Filmmakers Making A Social Impact: Why & How Filmmaker Stephanie Chloe Hepner Is Helping To Change…

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Filmmakers Making A Social Impact: Why & How Filmmaker Stephanie Chloe Hepner Is Helping To Change Our World

Tell the story that fires you up and gets you out of bed, not the one you think someone else wants. Write it all. Let it rip. Let someone else be the censor.

As a part of our series about “Filmmakers Making A Social Impact” I had the pleasure of interviewing Stephanie Chloé.

Stephanie Chloé was born and raised in Buenos Aires, Argentina, and has lived in many cities around the world including Miami, FL, Florence, Italy, and Mission Viejo, CA. She’s. an NYU Tisch Drama graduate, television and film actress actress known for her roles in the films Boy Lolita and Rizo. Stephanie also produces and writes for film and television.

Thank you so much for joining us in this interview series! Our readers would love to get to know you a bit better. Can you tell us a bit of the ‘backstory’ of how you grew up?

I was born in Buenos Aires, Argentina and grew up there as well as in Miami, Florida and Mexico City. My younger brother and I grew up with suitcases as extensions of ourselves as our parents lived in different countries. As an older sister in a Latin household, undergoing a long-winded divorce shaped me to seek adventure and escape every chance I got. Every visit to either of my parents’ became about learning and experiencing new cultures, languages, foods, and fed my hunger for stories. After high school, I went to college in New York (NYU) and that turned into 11 years as a theater artist, enamored with the dozens of personalities and languages one can absorb on any NYC block at any given time.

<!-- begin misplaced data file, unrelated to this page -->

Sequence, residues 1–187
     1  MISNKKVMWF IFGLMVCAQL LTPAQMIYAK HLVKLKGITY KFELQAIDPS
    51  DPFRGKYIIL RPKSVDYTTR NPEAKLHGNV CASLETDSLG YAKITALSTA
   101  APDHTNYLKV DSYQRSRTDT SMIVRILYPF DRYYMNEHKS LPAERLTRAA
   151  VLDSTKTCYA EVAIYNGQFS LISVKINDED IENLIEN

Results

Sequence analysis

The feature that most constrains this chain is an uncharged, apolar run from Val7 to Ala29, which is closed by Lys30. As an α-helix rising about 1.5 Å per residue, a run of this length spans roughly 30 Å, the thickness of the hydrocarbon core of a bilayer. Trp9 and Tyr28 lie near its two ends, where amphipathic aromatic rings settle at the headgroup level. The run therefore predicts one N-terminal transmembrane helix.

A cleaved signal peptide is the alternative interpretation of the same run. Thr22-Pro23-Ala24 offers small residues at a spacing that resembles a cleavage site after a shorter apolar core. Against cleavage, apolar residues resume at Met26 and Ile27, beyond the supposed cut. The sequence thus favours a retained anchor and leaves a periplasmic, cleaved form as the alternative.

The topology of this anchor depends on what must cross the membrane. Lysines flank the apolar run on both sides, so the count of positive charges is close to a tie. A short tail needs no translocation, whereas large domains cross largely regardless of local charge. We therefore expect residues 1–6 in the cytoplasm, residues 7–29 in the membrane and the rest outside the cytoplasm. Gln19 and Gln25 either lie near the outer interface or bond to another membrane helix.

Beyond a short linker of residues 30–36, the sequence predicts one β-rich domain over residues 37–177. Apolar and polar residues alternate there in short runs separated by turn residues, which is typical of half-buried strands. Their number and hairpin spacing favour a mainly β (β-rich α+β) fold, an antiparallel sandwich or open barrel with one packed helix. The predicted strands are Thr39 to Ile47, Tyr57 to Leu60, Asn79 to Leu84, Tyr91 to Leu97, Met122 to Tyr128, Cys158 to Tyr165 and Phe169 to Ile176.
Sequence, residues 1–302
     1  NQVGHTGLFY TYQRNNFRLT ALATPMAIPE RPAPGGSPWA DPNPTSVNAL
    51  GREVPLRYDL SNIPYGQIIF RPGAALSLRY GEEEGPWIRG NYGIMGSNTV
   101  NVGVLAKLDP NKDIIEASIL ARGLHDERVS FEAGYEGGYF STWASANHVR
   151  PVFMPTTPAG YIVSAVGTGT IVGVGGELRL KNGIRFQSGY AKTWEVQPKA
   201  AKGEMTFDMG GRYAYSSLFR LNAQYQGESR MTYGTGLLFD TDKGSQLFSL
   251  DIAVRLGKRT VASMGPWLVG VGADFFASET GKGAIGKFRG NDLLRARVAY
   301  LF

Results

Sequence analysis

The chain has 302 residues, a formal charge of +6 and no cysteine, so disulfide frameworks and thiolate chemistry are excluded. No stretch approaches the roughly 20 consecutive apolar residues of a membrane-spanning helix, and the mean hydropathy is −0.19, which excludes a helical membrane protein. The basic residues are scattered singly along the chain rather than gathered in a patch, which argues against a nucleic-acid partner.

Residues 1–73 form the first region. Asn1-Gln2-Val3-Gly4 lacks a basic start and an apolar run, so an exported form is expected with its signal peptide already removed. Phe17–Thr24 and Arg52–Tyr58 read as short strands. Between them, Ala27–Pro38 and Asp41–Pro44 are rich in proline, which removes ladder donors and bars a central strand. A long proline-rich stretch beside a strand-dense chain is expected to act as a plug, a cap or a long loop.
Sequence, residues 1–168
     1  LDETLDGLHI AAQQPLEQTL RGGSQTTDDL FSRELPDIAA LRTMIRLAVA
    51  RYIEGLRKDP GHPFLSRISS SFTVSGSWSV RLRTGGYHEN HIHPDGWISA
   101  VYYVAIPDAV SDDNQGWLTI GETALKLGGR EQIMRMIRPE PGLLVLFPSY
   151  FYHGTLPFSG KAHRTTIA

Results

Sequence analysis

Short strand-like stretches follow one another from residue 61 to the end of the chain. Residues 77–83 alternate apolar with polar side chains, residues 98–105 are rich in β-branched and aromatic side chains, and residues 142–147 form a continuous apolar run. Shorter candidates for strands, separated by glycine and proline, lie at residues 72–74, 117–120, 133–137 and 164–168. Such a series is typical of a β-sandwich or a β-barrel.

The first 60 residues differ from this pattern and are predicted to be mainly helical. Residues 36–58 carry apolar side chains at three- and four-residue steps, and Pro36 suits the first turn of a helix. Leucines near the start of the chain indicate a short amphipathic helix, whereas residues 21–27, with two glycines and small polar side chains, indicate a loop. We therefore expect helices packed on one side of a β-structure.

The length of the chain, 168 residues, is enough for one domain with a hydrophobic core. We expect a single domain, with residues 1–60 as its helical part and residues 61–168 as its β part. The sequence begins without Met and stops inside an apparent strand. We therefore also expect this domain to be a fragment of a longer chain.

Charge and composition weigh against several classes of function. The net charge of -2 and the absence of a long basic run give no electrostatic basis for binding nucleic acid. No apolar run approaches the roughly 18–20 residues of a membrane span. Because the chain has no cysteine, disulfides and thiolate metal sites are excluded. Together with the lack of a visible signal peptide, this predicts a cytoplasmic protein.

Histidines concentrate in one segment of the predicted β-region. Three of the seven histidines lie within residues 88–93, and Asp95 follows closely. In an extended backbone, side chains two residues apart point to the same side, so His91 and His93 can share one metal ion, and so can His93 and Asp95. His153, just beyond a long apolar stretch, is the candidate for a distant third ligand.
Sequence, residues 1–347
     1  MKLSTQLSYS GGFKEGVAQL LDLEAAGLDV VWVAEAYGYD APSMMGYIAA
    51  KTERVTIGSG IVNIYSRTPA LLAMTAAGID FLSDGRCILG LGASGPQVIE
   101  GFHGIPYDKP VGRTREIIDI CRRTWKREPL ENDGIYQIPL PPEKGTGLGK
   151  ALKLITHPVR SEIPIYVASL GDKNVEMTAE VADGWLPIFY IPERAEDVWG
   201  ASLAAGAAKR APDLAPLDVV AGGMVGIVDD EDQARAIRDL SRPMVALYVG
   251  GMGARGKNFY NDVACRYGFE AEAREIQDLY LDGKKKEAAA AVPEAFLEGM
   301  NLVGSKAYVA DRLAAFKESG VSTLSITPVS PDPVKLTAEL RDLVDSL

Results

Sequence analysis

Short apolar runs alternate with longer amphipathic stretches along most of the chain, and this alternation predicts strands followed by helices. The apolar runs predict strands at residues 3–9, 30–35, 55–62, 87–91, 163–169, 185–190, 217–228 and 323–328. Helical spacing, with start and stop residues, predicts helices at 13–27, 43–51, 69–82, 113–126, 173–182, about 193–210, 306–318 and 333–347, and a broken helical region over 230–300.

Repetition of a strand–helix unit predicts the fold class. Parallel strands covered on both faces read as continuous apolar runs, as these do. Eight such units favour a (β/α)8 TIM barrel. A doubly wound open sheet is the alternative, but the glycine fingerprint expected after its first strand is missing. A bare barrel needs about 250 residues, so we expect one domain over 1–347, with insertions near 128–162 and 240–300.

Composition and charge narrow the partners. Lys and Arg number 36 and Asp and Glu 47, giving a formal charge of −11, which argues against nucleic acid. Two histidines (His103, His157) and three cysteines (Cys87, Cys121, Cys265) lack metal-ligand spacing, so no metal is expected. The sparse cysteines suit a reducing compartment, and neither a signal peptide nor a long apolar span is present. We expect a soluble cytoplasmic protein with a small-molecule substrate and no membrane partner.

Can you share a story with us about what brought you to this specific career path?

I remember reading Romeo and Juliet (in Spanish) in high school and being the only kid in the class who devoured the script and wanted more. Then we had to read Fuenteovejuna, Life is a Dream, House of Bernarda Alba… and storytelling became my pleasure, my purpose.

I also remember being in recess in elementary school and recreating scenes with my friends from “Chiquititas,” a novela about orphans that took the country by storm. I recall playing the characters and also directing my friends, without knowing that’s what I was doing. Without knowing I had a vision.

Growing up, watching movies and TV shows and reading scripts consumed me, I ended up being the lead singer of my high school’s rock band. Little did I know (and no one told me!!!) singing was NOT my strong suit. But commanding a stage, telling a story with a song and entertaining an audience was. I’ve always been fueled by moving a crowd. What’s the verse in the song that makes someone smile? Tear up? Call a friend? Call their mom? Eventually I accepted that I didn’t have to sing to tell stories… you’re welcome 😉

Additionally, my uncle in Argentina has always supported my performative personality and even predicted I would be a writer/director when I was maybe 15 years old. I told him multiple times he had no idea what he was talking about… and here we are!

Can you share the funniest or most interesting story that occurred to you in the course of your filmmaking career?